Most Americans would be surprised to learn that the federal government is still in the business of setting the prices that one industry can charge another for its services. That kind of economic micromanagement seems archaic and outmoded in 2016. But a retro regulation is exactly how one sector is protecting its profit margins – and it’s time to make it history.
Buried deep in federal law is the “Durbin Amendment,” an obscure provision that instructed the Federal Reserve to study the complex and fast-changing electronic payments market and then divine the correct price that retailers should be charged for accepting debit cards.
When a consumer uses a debit card, the bank or credit union who issued the card receives a fee from the merchant to offset the cost of running the debit card system. Known as “interchange,” this fee is invested in ensuring that the debit card system (comprised of hundreds of millions of participants) operates efficiently, safely, and keeps up with consumer needs.
Before the Durbin Amendment, the market set the price of accepting debit cards. Retailers eagerly signed up as debit cards became a popular substitute for cash and checks. Since retailers had exited the resource-intensive payment card business years before debit cards took off, stores relied on financial institutions to issue debit cards, build the system to process them, and to open and maintain the underlying deposit account attached to the card. In exchange for a turnkey payment solution which assured payment for valid transactions (and cut down on costly check and cash processing), merchants agreed to interchange as a cost of doing good business.
But the Durbin Amendment represented a major government intervention by making the Fed the arbiter of debit interchange, a task they did not request. The debit price control law was hastily assembled and tacked onto the virtually unrelated Dodd-Frank Act at the 11th hour. It passed with little notice and without hearings or robust debate, handing one industry a victory without considering the unintended consequences of government second-guessing the market.
For one, the Fed wrote a regulation which differed from what retail lobbyists anticipated. They sued for a better deal and lost. Their arguments did not impress economists or judges when put under strict scrutiny, and yet the litigants ensured that all three branches of government were drawn into the minute mechanics of market forces.
Ironically, this price control had the effect of raising the cost of accepting debit cards for many small businesses who lost access to flexible market rates when the one-size-fits all Durbin rate cap was enacted. Small businesses now live under a law written at the behest of the largest players in the retail industry, which might give Main Street pause. And community banks, even those that were supposedly “exempted” from the Durbin Amendment, have faced increased compliance costs related to the law’s other provisions. State bankers associations representing thousands of local banks recently wrote to Congress to support repealing Durbin, which hampers their ability to serve their communities and small business customers.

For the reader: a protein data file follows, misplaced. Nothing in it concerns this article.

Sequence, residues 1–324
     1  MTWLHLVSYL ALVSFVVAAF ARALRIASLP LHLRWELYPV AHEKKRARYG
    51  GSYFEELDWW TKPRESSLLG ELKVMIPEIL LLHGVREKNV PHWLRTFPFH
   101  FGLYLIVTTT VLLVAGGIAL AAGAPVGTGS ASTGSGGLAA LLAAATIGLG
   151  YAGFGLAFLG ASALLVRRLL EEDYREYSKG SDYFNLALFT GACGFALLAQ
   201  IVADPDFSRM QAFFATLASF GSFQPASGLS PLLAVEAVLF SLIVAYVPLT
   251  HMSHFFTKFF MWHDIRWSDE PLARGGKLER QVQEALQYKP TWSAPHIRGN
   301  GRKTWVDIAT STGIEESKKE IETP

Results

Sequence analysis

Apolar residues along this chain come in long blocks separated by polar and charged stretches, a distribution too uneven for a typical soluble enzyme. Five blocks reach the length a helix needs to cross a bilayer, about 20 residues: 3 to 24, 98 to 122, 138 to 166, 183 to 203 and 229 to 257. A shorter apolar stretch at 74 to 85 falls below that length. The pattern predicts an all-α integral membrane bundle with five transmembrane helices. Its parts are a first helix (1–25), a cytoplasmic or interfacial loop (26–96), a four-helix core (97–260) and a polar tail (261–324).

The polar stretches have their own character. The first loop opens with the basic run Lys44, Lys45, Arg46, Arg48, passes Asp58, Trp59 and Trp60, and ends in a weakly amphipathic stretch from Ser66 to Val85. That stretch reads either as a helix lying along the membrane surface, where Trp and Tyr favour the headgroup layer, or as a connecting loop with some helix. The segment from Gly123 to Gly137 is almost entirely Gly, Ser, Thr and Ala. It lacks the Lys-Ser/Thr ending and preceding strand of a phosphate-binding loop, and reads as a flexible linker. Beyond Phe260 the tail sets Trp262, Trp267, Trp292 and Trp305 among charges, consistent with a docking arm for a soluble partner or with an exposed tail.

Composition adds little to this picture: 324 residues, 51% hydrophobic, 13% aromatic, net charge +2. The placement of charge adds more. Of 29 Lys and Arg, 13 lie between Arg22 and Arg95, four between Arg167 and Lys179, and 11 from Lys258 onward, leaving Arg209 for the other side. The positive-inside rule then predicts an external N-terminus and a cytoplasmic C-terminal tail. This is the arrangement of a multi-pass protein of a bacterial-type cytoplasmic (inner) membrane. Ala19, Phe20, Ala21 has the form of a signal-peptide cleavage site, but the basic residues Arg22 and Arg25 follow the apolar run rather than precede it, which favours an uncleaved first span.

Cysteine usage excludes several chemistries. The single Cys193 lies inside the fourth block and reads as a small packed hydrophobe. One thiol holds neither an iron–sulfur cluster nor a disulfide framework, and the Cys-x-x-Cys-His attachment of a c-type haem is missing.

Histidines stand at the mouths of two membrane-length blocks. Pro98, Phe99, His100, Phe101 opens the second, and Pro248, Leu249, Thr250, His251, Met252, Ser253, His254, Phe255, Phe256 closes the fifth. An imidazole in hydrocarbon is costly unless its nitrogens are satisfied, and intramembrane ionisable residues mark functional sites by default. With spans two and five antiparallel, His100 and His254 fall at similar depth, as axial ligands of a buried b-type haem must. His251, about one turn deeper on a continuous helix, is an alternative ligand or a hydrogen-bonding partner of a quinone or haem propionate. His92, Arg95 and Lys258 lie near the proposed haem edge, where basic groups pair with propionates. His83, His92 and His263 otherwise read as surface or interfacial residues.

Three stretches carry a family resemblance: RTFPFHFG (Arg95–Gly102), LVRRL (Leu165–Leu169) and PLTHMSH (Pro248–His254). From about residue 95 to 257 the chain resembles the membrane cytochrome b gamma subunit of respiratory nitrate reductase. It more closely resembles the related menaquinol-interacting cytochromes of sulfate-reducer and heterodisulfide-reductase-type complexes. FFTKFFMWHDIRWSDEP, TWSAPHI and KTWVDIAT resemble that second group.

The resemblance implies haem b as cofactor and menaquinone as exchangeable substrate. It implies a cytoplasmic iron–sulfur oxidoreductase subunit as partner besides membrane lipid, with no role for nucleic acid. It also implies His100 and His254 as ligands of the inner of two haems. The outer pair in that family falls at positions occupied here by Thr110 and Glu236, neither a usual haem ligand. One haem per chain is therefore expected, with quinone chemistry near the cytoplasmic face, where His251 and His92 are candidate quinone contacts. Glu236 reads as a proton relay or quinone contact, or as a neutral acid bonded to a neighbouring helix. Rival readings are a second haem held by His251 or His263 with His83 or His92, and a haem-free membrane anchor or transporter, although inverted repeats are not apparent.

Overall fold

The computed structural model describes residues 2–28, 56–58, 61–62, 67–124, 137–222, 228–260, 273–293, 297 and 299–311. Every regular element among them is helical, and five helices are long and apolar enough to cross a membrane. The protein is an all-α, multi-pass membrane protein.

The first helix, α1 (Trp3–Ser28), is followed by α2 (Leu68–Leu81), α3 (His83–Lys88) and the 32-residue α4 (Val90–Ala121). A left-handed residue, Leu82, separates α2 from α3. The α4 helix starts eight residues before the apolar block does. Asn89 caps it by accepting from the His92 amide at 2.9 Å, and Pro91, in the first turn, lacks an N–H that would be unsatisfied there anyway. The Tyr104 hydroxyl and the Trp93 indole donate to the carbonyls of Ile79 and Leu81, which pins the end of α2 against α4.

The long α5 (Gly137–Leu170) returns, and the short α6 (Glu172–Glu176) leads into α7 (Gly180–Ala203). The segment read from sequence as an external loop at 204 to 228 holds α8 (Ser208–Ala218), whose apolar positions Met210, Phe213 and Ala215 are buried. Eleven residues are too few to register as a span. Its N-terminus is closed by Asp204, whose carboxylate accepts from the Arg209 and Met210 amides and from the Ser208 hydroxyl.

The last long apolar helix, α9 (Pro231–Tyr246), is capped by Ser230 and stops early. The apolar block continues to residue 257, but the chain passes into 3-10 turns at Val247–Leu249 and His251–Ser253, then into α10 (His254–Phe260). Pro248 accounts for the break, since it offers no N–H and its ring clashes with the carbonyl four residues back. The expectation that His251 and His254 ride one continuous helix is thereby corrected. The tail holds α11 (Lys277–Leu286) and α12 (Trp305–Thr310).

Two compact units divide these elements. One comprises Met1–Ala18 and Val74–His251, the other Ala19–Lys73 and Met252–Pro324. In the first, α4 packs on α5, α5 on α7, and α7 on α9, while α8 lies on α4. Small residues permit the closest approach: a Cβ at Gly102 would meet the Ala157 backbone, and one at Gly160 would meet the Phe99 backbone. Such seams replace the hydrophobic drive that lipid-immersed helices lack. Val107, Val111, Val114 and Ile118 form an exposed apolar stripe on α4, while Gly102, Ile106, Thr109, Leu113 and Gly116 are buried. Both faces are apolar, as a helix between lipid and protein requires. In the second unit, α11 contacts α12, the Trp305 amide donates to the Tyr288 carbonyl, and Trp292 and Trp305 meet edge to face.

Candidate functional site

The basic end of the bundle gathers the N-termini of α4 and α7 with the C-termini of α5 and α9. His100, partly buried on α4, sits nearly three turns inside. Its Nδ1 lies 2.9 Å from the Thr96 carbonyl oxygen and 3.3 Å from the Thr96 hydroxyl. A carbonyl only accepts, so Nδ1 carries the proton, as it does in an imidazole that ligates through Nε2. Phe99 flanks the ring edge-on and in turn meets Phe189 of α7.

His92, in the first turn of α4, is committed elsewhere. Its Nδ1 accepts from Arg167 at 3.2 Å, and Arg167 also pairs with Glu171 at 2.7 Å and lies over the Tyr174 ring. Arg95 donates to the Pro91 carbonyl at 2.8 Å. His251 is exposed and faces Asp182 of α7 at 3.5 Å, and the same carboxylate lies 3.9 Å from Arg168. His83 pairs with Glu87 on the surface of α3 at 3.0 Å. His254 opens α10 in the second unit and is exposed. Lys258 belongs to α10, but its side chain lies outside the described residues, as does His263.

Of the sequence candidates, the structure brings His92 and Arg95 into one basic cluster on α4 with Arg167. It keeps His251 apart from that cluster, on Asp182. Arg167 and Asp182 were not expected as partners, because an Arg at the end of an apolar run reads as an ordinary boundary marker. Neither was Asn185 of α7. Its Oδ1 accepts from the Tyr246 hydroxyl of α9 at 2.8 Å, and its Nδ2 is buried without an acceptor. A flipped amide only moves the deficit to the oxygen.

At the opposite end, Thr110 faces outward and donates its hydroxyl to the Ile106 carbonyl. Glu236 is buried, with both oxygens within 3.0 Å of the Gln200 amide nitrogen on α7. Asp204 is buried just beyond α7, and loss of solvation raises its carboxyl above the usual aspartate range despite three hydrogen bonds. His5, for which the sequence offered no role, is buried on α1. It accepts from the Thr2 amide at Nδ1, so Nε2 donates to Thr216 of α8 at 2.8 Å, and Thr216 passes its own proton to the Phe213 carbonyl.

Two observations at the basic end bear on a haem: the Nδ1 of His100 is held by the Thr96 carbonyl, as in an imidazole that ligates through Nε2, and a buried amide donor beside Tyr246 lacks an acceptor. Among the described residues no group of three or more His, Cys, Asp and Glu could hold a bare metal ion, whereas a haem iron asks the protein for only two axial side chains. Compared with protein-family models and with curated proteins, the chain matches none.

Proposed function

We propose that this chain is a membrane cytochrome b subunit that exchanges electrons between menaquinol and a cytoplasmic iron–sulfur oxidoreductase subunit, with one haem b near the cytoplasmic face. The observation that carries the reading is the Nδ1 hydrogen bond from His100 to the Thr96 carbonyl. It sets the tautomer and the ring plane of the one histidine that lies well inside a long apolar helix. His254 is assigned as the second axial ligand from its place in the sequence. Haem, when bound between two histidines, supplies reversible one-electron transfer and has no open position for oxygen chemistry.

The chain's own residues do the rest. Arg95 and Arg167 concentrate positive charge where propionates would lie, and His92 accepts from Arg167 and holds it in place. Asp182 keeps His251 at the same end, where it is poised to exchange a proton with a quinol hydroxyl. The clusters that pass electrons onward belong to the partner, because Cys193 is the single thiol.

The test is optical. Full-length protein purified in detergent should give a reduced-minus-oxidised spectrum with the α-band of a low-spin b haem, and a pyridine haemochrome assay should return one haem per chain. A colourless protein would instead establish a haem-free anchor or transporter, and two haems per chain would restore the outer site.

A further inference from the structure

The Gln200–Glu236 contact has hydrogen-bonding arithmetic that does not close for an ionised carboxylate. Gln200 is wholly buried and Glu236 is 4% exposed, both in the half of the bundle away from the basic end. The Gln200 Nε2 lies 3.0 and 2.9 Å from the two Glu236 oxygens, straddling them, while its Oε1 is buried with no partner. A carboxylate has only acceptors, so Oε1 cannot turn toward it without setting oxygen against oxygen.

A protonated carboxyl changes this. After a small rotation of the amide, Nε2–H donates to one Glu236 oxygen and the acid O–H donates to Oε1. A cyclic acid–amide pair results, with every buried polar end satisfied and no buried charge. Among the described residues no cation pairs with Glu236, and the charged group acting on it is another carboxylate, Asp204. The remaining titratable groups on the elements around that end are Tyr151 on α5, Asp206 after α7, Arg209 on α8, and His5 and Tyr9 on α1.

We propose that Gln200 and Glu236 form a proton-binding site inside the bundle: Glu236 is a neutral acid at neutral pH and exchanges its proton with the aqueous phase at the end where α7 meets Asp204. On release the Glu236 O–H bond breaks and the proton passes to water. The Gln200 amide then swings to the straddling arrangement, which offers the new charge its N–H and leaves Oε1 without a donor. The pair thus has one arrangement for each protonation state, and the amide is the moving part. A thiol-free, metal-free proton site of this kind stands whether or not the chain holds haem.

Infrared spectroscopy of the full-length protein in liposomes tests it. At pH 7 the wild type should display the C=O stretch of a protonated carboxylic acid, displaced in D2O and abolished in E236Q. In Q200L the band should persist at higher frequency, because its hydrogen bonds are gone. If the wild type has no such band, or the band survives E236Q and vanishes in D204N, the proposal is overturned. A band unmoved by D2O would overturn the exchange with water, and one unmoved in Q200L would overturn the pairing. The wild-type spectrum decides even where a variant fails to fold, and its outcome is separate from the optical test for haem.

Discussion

But the worst unintended consequences of the Durbin Amendment were reserved for consumers. Under market pricing, debit interchange supported consumer benefits such as low-cost checking accounts and debit card rewards. Once the interchange funding that supported these benefits was diverted to retailers, consumers noticed new minimum balance requirements, higher fees, and fewer rewards programs. Though not the goal of retail lobbyists, the Durbin Amendment has made it harder to obtain low-cost mainstream banking services, especially the protections of a debit card-linked checking account. Retailers had promised to offset these consequences by passing their savings onto consumers through lower prices – which has not happened.
Like the many other price controls which have proven themselves counterproductive, the Durbin Amendment is a misguided attempt to “help” very able businesspeople. In the 1970s, our friends in the convenience store industry saw first-hand how price controls led to gas lines. For many small shops, the Durbin Amendment has also backfired. There is little need for this anachronistic, market-distorting law. National retailers routinely use their scale to negotiate with suppliers on the cost of everything from paintbrushes to electricity. They would instantly recognize the absurdity of Washington regulators deciding the “fair” price for a box of cereal on their shelves.
House Financial Institutions Subcommittee Chairman Randy NeugebauerRobert (Randy) Randolph NeugebauerCordray announces he's leaving consumer bureau, promotes aide to deputy director GOP eager for Trump shake-up at consumer bureau Lobbying World MORE has introduced legislation (H.R. 5465) to fix this case of over-eager regulation and return market pricing to the debit card market. We support this legislation and appreciate House Financial Services Committee Chairman Jeb Hensarling including this proposal in his financial reform framework. There is longstanding support on both sides of the aisle for reform in this area. Price controls have faded away for a reason, and the Durbin Amendment is one more example of an idea whose time has gone.
Rob Nichols is president and chief executive of the American Bankers Association.